Users as a danger

There are also risks that are not posed by artificial intelligence itself, but by its users. For example, there is a danger of interpreting the actions carried out by artificial intelligence as independent thinking, even though they are purely statistical calculations. AI systems make decisions strictly according to probabilities and data, without human intuition or “gut feeling”.


Dr. Miriam Meckel also sees this risk of over-dramatization. She is considered one of Germany’s most important experts in the field of artificial intelligence. She emphasizes this in an interview on the topic of “Why we don’t need to be afraid of AI” as part of Katharina Wolff’s podcast “STRIVE up your Life”. In her opinion, it is completely unjustified to be afraid of the “extinction of humanity” or similar dystopian scenarios triggered by artificial intelligence. She explains the origin of these concerns with the fact that most people do not understand how artificial intelligence works, resulting in uncertainty and insecurity. However, this is not necessary: over time, people will get used to the fact that artificial intelligence will be part of everyday life and present in many different areas of life. Just as many people do not understand the technology behind everyday objects such as cars, but are nevertheless not afraid of it.


Another risk lies in the potential misuse of AI. For example, the technology could be used for targeted disinformation campaigns and “fake news” to deliberately deceive people and, in serious cases, reinforce radical opinions. Meckel sees a serious problem here. Accordingly, a high priority should be placed on transparently labeling AI-generated content. Meckel calls for regulations to be able to distinguish generated data from real data, as otherwise there would be a high risk of misleading and spreading false information.

Risks for employees

Many employees fear that the increased use of AI tools in all sectors will lead to job losses. The energy sector is no exception. Many fear that artificial intelligence will work so precisely and efficiently that human workers will simply be replaced. However, this fear is not necessary either, says Miriam Meckel in an interview with Katharina Wolff. Although it is true that some jobs will be lost, history shows that innovations of this size create more jobs than they destroy. The use of AI in companies would create many new areas of work, such as the management, application and control of the targeted use of artificial intelligence.

Conclusion: The versatile future of artificial intelligence in the energy sector

The ongoing development and integration of artificial intelligence in the energy sector opens up a fascinating range of possible applications and potential benefits. From optimizing energy generation and increasing efficiency in sales to making grid operation more flexible, it is clear that AI is a transformative force for the entire energy supply value chain.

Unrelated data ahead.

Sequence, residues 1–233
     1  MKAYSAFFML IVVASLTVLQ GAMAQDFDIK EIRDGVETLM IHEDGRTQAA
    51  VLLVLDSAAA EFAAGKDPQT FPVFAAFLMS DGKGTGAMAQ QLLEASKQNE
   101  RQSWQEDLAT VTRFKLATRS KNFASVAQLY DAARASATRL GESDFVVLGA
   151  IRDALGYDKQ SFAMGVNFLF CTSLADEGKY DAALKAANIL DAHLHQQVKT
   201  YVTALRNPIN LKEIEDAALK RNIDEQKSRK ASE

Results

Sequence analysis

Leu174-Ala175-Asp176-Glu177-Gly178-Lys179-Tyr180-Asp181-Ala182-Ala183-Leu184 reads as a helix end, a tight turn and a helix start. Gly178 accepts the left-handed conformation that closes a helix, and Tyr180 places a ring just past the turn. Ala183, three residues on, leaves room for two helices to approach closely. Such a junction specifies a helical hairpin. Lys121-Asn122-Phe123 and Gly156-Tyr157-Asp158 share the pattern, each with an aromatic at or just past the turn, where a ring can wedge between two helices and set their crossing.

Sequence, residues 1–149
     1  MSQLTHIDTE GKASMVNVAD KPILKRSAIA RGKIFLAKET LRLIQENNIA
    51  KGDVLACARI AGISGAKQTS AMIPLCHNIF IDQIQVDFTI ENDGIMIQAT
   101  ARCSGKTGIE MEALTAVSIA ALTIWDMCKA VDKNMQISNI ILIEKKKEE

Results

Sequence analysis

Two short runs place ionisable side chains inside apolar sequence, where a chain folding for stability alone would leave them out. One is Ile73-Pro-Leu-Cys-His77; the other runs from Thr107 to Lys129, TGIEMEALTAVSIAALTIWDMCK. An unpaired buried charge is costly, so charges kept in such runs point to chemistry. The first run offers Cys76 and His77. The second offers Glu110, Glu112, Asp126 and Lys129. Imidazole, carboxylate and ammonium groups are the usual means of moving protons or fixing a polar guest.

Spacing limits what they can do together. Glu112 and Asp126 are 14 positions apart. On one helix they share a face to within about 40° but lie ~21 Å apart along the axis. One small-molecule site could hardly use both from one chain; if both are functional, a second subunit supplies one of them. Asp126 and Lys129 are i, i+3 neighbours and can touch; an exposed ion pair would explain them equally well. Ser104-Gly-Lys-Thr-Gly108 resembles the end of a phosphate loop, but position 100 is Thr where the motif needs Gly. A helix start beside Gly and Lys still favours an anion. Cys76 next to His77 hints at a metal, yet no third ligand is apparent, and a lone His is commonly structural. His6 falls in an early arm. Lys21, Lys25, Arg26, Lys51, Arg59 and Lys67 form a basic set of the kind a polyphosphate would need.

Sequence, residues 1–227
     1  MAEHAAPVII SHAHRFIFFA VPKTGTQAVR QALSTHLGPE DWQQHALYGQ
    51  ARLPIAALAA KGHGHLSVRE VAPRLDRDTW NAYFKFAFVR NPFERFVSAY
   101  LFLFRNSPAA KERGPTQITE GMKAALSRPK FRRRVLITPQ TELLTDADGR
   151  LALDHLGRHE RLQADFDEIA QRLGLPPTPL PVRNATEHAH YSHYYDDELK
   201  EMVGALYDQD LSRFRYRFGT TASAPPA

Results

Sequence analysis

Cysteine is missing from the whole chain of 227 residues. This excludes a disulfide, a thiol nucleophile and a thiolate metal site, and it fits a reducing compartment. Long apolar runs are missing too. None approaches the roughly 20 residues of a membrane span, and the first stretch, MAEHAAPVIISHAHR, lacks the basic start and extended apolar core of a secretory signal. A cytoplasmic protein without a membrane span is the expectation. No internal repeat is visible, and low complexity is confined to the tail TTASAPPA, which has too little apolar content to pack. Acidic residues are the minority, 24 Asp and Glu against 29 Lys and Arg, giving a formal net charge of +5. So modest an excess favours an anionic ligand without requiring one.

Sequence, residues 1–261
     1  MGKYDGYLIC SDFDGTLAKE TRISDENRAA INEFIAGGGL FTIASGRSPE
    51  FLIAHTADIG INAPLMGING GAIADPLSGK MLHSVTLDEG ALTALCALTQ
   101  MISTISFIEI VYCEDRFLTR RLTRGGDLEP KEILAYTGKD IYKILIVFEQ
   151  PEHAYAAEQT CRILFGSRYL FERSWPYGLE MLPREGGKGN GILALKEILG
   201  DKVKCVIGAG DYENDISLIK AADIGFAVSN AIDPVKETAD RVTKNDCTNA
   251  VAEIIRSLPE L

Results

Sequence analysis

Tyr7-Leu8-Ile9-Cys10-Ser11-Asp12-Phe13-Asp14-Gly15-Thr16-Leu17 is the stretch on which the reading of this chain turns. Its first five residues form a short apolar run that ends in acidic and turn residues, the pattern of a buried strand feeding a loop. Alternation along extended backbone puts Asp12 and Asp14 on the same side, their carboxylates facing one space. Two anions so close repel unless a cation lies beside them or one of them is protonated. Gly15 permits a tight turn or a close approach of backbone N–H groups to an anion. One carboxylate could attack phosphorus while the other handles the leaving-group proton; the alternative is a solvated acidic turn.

Data as a basis

However, the basic prerequisite for this change is the creation of a robust database. As Szilard Toth, CTO of epilot, emphasizes, the energy world is still in its infancy when it comes to the usability of data. A step-by-step approach, starting with collecting, storing and analyzing data, is essential to be able to use the full range of AI solutions. However, the challenges that arise should not be ignored. Companies are faced with the task of digitizing processes and making data usable for the application of AI.

The path to efficiently integrating artificial intelligence in the energy sector requires not only technological adjustments, but also a rethink in terms of data management and analysis. There are also some risks that you need to be aware of. Data security and data protection are key aspects that must be guaranteed in order to minimize potential threats from cyber attacks. The danger of over-dramatizing and misinterpreting AI decisions is another point that needs to be taken into account.

The goal is clear

The future of the digitalized energy industry with AI is characterized by innovations ranging from forecasting accuracy to sales and consumer integration. It is crucial to find a balanced approach that leverages the benefits of AI while taking ethical and societal challenges into account. The path to an intelligent energy future requires smart decisions, transparent regulations and, above all, the willingness to responsibly shape the transformative power of artificial intelligence.

The first step in creating the necessary data basis is a central software landscape. You can find out what this could look like in the following article: 11 tips for a future-proof software landscape for energy suppliers.

Newsletter subscription

You want to be up to date about new features,
Events and tips & tricks from epilot stay?